How do American Muslim’s become “radicalized?” Homeland Security Chairman, Peter King, is holding Congressional hearings to find out. We’ve had hearings to isolate groups of Americans before, remember the McCarthy hearings? Then, it was the fear of Communism among us, but now, it’s religion, which is unprecedented and frankly, is making some people feel a little squidgy.
What’s really behind King’s hearings anyway? Singling out a group for “investigation” usually comes from fear. We fear what we don’t know. There are many of us, frankly, that don’t know much about Islam. Not many Americans know how Muslims become radicalized, or how many radical Islamic fundamentalists there are in the US. King claims he’s “not trying to stereo-type” but wants to get to the bottom of the issue by talking to families whose kids have become radicalized, to members of the Muslim community and to law enforcement to try and get a read on what exactly is going on that could pose a threat to our country from within.
So, what do we know already? We know that al Qaeda is a radicalized branch of Islam aiming to kill us. We completely understand what that means – we will never forget 9/11. We have gone to war in Afghanistan and Iraq in the name of that terror against us. But, these hearings are not about people far away in a far away land plotting to do us harm. They are about our people. Americans who we think might turn against us.
Homegrown terror is a serious threat. O.k., we get know that, too – we have wacky Christian fundamentalists who picket funerals of soldiers and bomb abortion clinics, Tim McVeigh who bombed the Oklahoma Federal Building, Islamic extremists who murdered people at Fort Hood and planted a bomb in Time Square. We are nervous about people willing to bomb targets and themselves in the process. Yep-it’s all super scary. So, how do we prevent someone from going to the dark side and prevent attacks against our society? This is what we don’t really know. So, how does putting one faith on trial get at the real problem? What about other extremists among us? The deadliest homegrown terrorist in our nation’s history was a white guy named Tim.
We remember how the McCarthy hearings put people’s political beliefs up for review and cost people their livelihoods and dignity, in the name of protecting America. No one thinks of the McCarthy days as being a shining moment in our nation’s history, so no one wants to go back there. Today’s hearings single out Muslims to determine how their religious beliefs become “radical” and if they are a danger to America. Newsflash: yes, radical anything is a potential danger to America.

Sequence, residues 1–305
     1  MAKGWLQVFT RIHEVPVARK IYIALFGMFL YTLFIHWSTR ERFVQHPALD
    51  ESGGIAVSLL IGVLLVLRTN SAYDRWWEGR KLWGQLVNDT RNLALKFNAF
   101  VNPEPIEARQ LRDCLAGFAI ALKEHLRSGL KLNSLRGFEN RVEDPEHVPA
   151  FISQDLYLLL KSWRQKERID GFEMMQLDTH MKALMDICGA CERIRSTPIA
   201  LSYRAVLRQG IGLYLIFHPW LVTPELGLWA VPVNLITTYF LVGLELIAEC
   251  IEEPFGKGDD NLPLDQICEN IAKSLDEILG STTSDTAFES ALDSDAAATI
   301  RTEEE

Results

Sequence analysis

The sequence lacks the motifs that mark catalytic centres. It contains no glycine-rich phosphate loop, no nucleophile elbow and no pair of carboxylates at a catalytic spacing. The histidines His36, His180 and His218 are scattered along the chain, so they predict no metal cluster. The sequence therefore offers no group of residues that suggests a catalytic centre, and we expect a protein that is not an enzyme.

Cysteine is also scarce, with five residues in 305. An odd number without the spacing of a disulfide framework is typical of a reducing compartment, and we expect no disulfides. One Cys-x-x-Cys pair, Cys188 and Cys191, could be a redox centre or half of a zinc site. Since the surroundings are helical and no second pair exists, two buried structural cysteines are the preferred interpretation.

So, here’s the other thing…
You know when you want juicy info from your kids? Do you sit them down in front of everyone and talk at them? Or, do you build a trusting relationship with your kids, so when you need the juice, you can have an ice cream MOMent and do a lot of listening? We have a conversation with our kids to get the really good stuff. Cuz it’s delicate.
We don’t criminalize people for their beliefs in America. We get to believe what we want to believe, as long as we live within the laws of the land. So, what happens when “free America” holds hearings that put the entire Muslim faith on trial, instead of trying to have a conversation with the leaders of the Muslim community, terrorism experts and whomever else we think might help us understand the psychology of radicalization and how to diffuse it? Outrage – home and abroad – which may in fact create more anger than understanding. It is the perceived alienation of the Muslim community, instead of the inclusion of it that is creating the criticism.
Opinionated MAMAS, “all eyes are on us,” so how should our country get to the heart of this issue? There is a lack of trust in our society. So, how do we build it back again? How do we have a constructive national conversation with the whole world watching? How do we engage the Muslim community even more as part of the solution in protecting our American community? We all have to believe that our American values and systems make us strong, not weak. Afterall, we tell our kids what defines their character is what they do when no one is watching. So, as a country, we cannot fear our freedom, we must respect it and defend it, whether or not anyone is watching.